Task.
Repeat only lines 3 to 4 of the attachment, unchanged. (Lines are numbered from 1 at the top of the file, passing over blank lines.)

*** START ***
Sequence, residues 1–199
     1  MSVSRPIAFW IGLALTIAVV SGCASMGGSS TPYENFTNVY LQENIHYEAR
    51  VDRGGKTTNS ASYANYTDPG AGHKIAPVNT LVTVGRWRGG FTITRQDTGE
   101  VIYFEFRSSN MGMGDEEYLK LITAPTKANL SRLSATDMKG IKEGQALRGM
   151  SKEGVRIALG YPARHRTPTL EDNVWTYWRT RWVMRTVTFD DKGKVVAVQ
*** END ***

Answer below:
    51  VDRGGKTTNS ASYANYTDPG AGHKIAPVNT LVTVGRWRGG FTITRQDTGE
   101  VIYFEFRSSN MGMGDEEYLK LITAPTKANL SRLSATDMKG IKEGQALRGM